Outdoor Adventure Club Boosts Kids’ Self-Esteem

Time flies with mayflies

Crystal Kubby  manages to get a credible sound out of a conch before the group from Rim Country Middle School leaves on their hike to Water Wheel and Cold Springs.

Photo by Andy Towle. |

Crystal Kubby manages to get a credible sound out of a conch before the group from Rim Country Middle School leaves on their hike to Water Wheel and Cold Springs.


The water shimmers and glints as it gurgles down the path it has cut through the pink granite. Travertine lines the pools, creating white bowls that reflect back the turquoise water and reveal the creatures that live beneath the surface.

Middle school children gather around Scott Davidson as he points to the mayfly larvae sitting at the bottom of a basin.

“Mayflies are a good sign of water quality,” said the seventh-grade science teacher and leader of the Outdoor Adventure Club (OAC).

Fourteen children and four adults accompany Davidson on this first OAC trip of the year — an adventure to Water Wheel and Cold Springs.


Standing under a waterfall at Water Wheel, this enterprising young man sizes up the situation before deciding whether he should get wet or not.

Davidson has planned eight trips for the club throughout the school year. Other excursions include visits to a rock gym in Phoenix, caving in Flagstaff, a hike to the headwaters of Fossil Creek and a ski trip to Sunrise ski resort.

Davidson has headed up the club for about 10 years. Originally, OAC was the brainchild of social studies teacher Cody Muckelroy.

“Cody was good at kayaking and enjoyed the outdoors,” said Davidson.

That first year of the club, Davidson assisted Muckelroy until he moved to Durango, Colo. the following year. Davidson has run the club since.

“I was really lucky to have a dad who did lots of outdoor stuff with me. So many of the parents of these kids have to always work. They don’t have the time to take their kids out into nature,” said Davidson.

The tall, athletic teacher, beloved by his students, perfectly fits the role as leader for the OAC. As an added bonus, Davidson has volunteered with the Tonto Rim Search and Rescue group for the last 10 years. His training includes first aid and CPR, so parents can trust he will take good care of their children.

He enjoys the kids and trips immensely, but he also feels OAC addresses deeper issues.

“If you want kids to be environmentally aware, you’ve got to get them out into nature. If you want them to make decisions about the future of the land, they have to learn how to love it,” said Davidson.

The kids certainly love the land today. By 8 a.m. the temperature already stood at 90 degrees, a dip in the cool water offered a perfect solution to overheating. Arriving at the first deep pool, they tossed their hiking clothes and ran to the water in their bathing suits.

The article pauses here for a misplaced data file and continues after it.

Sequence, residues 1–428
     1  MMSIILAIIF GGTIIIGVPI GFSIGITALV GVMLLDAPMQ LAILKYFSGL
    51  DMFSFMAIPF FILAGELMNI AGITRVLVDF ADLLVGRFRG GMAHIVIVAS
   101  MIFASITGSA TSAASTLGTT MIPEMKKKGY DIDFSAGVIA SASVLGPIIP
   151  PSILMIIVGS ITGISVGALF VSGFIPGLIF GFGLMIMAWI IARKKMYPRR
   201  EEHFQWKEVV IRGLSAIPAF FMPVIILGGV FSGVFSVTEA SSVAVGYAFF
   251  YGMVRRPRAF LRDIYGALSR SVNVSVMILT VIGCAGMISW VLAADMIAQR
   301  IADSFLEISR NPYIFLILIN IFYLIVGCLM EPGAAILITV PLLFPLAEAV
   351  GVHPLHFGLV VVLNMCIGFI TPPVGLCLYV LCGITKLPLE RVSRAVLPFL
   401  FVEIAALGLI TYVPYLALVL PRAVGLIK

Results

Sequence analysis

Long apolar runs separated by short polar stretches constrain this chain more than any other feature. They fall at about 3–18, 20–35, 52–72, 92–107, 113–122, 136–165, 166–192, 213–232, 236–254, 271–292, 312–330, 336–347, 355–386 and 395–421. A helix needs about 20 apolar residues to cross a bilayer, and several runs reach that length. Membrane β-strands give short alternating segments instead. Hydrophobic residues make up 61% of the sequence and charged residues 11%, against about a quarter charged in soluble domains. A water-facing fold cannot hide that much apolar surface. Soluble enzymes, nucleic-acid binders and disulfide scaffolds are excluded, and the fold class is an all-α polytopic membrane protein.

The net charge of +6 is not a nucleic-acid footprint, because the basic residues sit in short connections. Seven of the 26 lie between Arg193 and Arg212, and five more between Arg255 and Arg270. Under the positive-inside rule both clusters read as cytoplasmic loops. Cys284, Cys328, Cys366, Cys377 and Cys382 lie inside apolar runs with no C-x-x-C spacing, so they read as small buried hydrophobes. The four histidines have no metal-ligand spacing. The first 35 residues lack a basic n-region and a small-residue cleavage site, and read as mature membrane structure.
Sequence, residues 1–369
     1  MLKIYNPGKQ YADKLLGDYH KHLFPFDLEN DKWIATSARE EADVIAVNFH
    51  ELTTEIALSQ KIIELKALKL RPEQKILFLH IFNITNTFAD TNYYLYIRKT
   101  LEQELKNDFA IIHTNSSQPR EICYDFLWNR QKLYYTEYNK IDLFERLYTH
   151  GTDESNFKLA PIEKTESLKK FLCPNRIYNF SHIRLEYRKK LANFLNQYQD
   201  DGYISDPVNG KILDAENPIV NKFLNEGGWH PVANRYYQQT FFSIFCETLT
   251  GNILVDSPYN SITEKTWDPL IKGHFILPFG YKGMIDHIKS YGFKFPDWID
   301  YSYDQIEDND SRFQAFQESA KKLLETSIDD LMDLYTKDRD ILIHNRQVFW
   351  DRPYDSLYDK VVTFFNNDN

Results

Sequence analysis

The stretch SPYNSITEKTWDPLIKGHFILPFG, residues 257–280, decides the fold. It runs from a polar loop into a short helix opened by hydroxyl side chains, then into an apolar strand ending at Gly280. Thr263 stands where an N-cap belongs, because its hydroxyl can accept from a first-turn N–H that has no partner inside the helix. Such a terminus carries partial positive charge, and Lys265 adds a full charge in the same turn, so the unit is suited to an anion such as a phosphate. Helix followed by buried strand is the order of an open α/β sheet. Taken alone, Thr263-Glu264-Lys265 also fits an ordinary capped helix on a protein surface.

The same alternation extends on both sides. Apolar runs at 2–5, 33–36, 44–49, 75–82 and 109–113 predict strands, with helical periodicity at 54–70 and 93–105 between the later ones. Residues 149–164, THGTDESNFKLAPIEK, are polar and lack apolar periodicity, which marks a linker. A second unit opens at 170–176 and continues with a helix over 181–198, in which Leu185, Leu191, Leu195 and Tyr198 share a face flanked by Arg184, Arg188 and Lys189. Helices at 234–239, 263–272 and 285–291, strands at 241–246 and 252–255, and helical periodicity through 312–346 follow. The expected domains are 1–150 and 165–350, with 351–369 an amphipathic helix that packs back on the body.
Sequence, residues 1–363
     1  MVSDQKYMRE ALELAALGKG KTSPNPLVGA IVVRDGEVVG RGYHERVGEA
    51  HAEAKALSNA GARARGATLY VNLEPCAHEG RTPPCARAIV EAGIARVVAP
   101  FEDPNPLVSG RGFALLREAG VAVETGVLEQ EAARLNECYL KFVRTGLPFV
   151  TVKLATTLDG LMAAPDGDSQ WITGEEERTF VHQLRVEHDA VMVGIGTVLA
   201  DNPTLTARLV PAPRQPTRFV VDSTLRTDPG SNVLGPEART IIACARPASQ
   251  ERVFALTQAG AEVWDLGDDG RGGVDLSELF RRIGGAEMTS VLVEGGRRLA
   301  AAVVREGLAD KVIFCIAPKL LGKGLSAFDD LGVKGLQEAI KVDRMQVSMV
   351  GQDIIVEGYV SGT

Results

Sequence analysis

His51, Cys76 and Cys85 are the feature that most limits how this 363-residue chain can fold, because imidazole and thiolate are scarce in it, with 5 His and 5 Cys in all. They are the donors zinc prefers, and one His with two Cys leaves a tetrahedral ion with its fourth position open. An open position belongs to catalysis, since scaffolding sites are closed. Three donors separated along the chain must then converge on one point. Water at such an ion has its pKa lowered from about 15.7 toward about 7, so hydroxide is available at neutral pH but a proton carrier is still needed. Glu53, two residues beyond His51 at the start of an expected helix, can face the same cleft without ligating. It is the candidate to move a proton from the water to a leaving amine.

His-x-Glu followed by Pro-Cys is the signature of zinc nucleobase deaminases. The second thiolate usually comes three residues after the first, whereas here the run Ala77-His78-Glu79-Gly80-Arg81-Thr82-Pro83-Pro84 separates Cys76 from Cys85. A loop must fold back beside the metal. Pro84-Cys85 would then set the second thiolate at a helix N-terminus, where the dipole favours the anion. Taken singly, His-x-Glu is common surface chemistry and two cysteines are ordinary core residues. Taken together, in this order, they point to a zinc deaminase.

“It’s deep, OK?” said Anna Parker turning to beckon her friends into the stream.

“Davidson! Come in with us!” the others call.

The kids relish spending time with Davidson. He acts like one of them, climbing through holes and jumping off of rocks into the water. His mixture of teaching on the trail while playing with the kids, illustrates the range of possibilities he has with outdoor education.

Studies done on outdoor education programs indicate students learn environmental awareness, how to challenge themselves, take risks, and discover the freedom to experiment.

In a study done by Basil Fletcher on 3,000 graduates of the Outward Bound program, 86 percent of respondents felt their self-confidence had improved, 78 percent felt they had increased their general maturity level, while 64 percent believed they had become more aware of the needs of others.

Davidson sees these qualities in the kids who sign up for OAC.


Chaperone Juan Rios finds an ideal location to photograph the rocks and water at the Water Wheel recreation area.

“As far as a group goes, they end up being an accepting group of kids. Take a look; there are larger and smaller kids and different nationalities. They all get along,” said Davidson.

Jess Roberts, mother of Angelica Poe, a sixth-grader on the trip, agrees with Davidson.

“Being out here builds character and trust,” she said.

Davidson also believes that the kids who have a connection to nature tend to be more grounded and they are often drawn to science.

As Davidson talks, Michaela Rios interrupts, showing him a rock she’s found.

“I think I found shale,” said Michaela.

“Hmmm ... actually, this could be fine grained basalt,” said Davidson.

“It’s a great way to learn,” said Kezia Zuber, a special education teacher at the middle school who came along today to help drive one of the vans.

Michaela’s father Juan Rios agrees, “This is a way to show the kids there’s a lot more out there than TV and video games. It’s better than hearing, ‘I’m bored, I’m bored.’”

Just then Anna calls out to Davidson, “Get in the water!”

Laughing he catapults into the pool while the kids welcome him into the water. Next thing Davidson knows, the kids begin to gleefully chuck globs of moss at him.

“We always have to end the trip with a moss fight,” said Davidson.


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